Emanuel Bowen: Denmark 1767

A continuing series of posts to highlight my small antique map collection (after a bit of a hiatus). All scans are taken directly from an original copy, not a reproduction.

denmark1767.jpg

Map of Denmark taken from Emanuel Bowen’s “A Complete System of Geography”, first published in 1747, but shop I bought this from claimed it was 1767 so possibly a later edition.

From Geographicus:

Emanuel Bowen (1694 – May 8, 1767) had the high distinction to be named Royal Mapmaker to both to King George II of England and Louis XV of France. Bowen was born in Talley, Carmarthen, Wales, to a distinguished but not noble family. He apprenticed to Charles Price, Merchant Taylor, from 1709. He was admitted to the Merchant Taylors Livery Company on October 3, 1716, but had been active in London from about 1714. A early as 1726 he was noted as one of the leading London engravers. Bowen is highly regarded for producing some of the largest, most detailed, most accurate and most attractive maps of his era. He is known to have worked with most British cartographic figures of the period including Herman Moll and John Owen. Among his multiple apprentices, the most notable were Thomas Kitchin, Thomas Jeffreys, and John Lodge. Another apprentice, John Oakman (1748 – 1793) who had an affair with and eventually married, Bowen’s daughter. Other Bowen apprentices include Thomas Buss, John Pryer, Samuel Lyne, his son Thomas Bowen, and William Fowler. Despite Despite achieving peer respect, renown, and royal patronage, Bowen, like many cartographers, died in poverty. Upon Emanuel Bowen’s death, his cartographic work was taken over by his son, Thomas Bowen (1733 – 1790) who also died in poverty.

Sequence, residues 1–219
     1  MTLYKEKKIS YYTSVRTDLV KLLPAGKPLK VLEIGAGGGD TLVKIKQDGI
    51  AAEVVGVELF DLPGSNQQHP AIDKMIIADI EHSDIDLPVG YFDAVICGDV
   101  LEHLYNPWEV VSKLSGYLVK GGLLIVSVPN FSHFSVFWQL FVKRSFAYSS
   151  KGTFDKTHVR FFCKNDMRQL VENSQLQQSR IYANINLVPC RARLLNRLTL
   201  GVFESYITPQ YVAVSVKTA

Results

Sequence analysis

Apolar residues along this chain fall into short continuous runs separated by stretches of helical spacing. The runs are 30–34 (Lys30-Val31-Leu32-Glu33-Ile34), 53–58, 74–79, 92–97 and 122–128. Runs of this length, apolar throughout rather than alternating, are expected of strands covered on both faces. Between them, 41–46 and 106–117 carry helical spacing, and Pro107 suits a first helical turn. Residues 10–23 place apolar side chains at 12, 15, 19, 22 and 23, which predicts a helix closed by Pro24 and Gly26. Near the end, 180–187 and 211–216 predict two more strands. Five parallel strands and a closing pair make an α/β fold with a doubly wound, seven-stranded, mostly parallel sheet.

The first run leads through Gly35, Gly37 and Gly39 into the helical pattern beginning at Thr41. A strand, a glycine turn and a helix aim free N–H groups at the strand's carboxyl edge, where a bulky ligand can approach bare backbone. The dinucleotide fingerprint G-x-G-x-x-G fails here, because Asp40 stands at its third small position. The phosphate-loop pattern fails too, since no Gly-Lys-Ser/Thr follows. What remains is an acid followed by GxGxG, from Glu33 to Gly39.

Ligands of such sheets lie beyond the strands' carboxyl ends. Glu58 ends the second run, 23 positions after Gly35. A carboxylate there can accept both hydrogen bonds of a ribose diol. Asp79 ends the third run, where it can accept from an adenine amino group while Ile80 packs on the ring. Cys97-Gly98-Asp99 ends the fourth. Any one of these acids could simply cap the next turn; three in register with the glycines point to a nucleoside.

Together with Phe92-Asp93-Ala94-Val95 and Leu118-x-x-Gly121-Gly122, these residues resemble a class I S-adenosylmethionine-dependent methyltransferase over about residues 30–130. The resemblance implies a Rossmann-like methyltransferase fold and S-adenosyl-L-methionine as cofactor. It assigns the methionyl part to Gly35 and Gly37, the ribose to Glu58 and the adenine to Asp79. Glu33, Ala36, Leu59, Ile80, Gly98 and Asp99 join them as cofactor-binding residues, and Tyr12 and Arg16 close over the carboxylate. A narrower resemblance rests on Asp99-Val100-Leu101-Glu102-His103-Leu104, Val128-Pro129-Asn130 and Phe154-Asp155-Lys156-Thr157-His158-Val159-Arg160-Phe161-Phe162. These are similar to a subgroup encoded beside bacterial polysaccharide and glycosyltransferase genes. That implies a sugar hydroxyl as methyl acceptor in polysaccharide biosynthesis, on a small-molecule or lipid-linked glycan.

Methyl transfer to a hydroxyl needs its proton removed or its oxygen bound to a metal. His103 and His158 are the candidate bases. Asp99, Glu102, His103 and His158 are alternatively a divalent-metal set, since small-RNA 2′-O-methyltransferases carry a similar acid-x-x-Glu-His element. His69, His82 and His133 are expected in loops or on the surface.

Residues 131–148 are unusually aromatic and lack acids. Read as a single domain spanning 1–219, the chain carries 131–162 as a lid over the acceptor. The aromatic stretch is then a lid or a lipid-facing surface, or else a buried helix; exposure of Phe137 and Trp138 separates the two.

Explore the map below using Magic Toolbox‘s excellent plugin

Move your mouse over image or click to enlarge

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Watch out for the next map in this series..

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Dave

Mathematician at the University of Warwick in the UK with research interests in equivariant bifurcation theory and applications, especially in modelling of insect locomotion. Teaching interests include online learning and innovative teaching methods. Also occasionally created material for the University's now defunct "International Gateway for Gifted Youth". He has been active on the Internet since 1995, initially though his UFO and Michael Schenker website, but now through a multitude of projects.

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